Saturday, November 1, 2008

Getting a Crosman 140 Working, Part 6

So the 140 stopped pumping up...I could hear air rushing past the pump cup.

Punching out the pivot pin.

The pivot plug.

The pump cup (remember, it's a 101 pump head, and a replacement seal of unknown provenance). It didn't look bad but seemed floppy, not stiff.

Some 95 durometer urethane rod being faced with my extreme knife tool. I ground a bunch of tools that have around 60 degrees rake, more or less.

Drilling it out.

Boring the minor diameter.

Setting the compound to about 5.5 degrees.

Turning the OD with a similar knife edge tool.

The new cup is the middle one. Left is the one that came with the 101.

I assembled it but it seemed overly tight. I also forgot the bevelled edge on the face. So I disassembled again and mounted it on a broken pump rod. I cut the bevel and turned the OD slightly smaller.
I put it all back together and pumped it up 10 times. Air was leaking past the bolt. Shot again and the bolt shot under the cover (no pic, I was having an adrenaline rush) which was a bit dramatic.

So I refurbished the bolt cover with a hole on the other end and less clearance for the locking lug, and used the old screw from my 150 (it has a head so won't allow the bolt to sneak under the cover). Anyway, I just "won" an original bolt cover on Ebay, so when it comes I'll make a new screw and it should be close to perfect (?).

I pumped it up 10 times and got 636 fps, which is great. I think if I tighten up the bolt seal and maybe clean up the flow through bolt a bit it will gain a little more. Unless something else goes wrong...I am happy I was able to make a pump cup, which is a skill that should come in handy for other projects.

Thursday, October 30, 2008

Derrick's P17 Pistol

Derrick had a problem with his P17 and text by our hard working Ohio correspondent.

I was going to shoot my identity confused Beeman 2006 and/or P17 and/or Marksman 2004 this afternoon. Sadly, the single-stroke part of the single-stroke pneumatic mechanism refused to cooperate and actually seal. From past experience, I knew that it was likely that the piston o-ring was either dry or had lost it's elasticity.
How many names has this gun been sold under by Beeman now? I pulled the piston and found that, surprise, it was the main o-ring. A replacement R-14 o-ring had the gun running again in about 5 minutes. What bothered me the most, was that I had replaced this ring less than 6 months ago. If the gun saw more regular use, the seal would probably last longer. This seems to be a common problem with this gun. Too bad, because it's otherwise a decent design for $50.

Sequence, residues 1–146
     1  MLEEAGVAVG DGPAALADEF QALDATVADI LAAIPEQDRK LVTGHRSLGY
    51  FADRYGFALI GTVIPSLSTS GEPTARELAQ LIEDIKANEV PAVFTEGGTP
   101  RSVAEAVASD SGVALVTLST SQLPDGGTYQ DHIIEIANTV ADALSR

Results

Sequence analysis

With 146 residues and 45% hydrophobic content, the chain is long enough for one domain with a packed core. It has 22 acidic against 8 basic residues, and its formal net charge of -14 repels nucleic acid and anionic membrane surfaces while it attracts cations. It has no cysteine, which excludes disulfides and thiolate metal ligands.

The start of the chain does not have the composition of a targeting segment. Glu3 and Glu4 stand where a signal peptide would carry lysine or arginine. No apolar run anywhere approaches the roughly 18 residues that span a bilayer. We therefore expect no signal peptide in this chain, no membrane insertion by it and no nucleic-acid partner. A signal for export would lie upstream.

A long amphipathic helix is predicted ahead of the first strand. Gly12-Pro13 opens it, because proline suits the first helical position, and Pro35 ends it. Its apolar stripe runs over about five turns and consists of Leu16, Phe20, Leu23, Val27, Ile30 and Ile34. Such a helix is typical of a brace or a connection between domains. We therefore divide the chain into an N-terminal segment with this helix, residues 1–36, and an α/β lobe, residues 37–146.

It didn't seem like a huge leap to imagine that in this application, the single o-ring seal is tenuous at best. Maybe adding a second piston o-ring as a sort of "back up" seal would fix the gun more permanently. I pulled the piston again and chucked it up into the Taig lathe in a 3-jaw chuck. Not good. The piece had miles of runout and was nowhere near straight enough to make an accurate cut. I switched to the 4-jaw chuck and got out a dial indicator. It took about 5 minutes of positioning each jaw individually while watching the indicator slowly settle down until I was satisfied. I only checked the runout at the location I wanted to make the groove.

Having to make the cut so far from the jaws, I was concerned about the piece deflecting. I removed the cross slide and installed a steady rest.

Checked the runout one last time.

Funny, it doesn't look blurry in real life. Matched the same 0.095" width groove. Didn't bother to measure the depth. I just used a comparison caliper and made it the same.

So here's the final. If this doesn't seal now, I think there's enough room for about 11 more o-rings...After cocking, the gun held for 45 minutes w/no pressure loss. Never did that before. I'll let you know next year how it's holding up. By the way, if you remove the "Beeman" sticker on the gun, underneath it says "Marksman". Unfortunately, they sanded the "Marksman" imprint down so the sticker would lay flat. So I glued the sticker back on. Too bad. I wanted to be a Marksman.

Monday, October 27, 2008

Getting a Crosman 140 Working, Part 5

The safety was bugging me. Rather than make a new perfect one I just compounded my reputation as a hack by doing a Frankenstein on it.

Drilling the lever.

drilled and reamed 1/4" undersize.

The hack, hacksawing.

What one should look like, next to my lever.

Turning a .251 boss.

Milling the slot.

I noticed there's a groove on the stock safety I had, so I added one. There's a small pip on the end of the safety plunger, so this must be for clearance.

I pressed the old lever onto the new safety, with some loctite bearing compound. It should stay put.

I peened the proud end a bit then sanded it flush. Now it is oriented correctly. Not that anyone actually uses the safety on these guns.

Sunday, October 26, 2008

Getting a Crosman 140 Working, Part 4

Now to make a new bolt.

Turning some stock down to 5/16"

Turning some steps on the bolt nose.

Blurry pic of making the o-ring groove.

Drilling the end.

I used a file to chamfer the end and the lip that holds the o-ring on.

Flipped with the waste parted off.

Looks pretty close.

Spotting the flow-through port in the bolt nose. Notice the orientation of the hexagonal collet holder.

Drilling to size.

The collet holder is rotated 30 degrees in the vise. Notice the old bolt being used to make sure I get the alignement correct between the bolt screw and port...

Drilling the bolt screw hole.

Tapping the hole.

Old bolt, new bolt.

Turning up a new transfer port seal out of urethane.

I ground a new toolbit for rubber, an extreme rake angle, more of a sharp knife edge. Worked well and gave a nice smooth cut.

Put the 140 back together and found that I gained about 15 fps, to 595 for 10 pumps. Still a little slow, which may be because of the pump cup having too much headspace.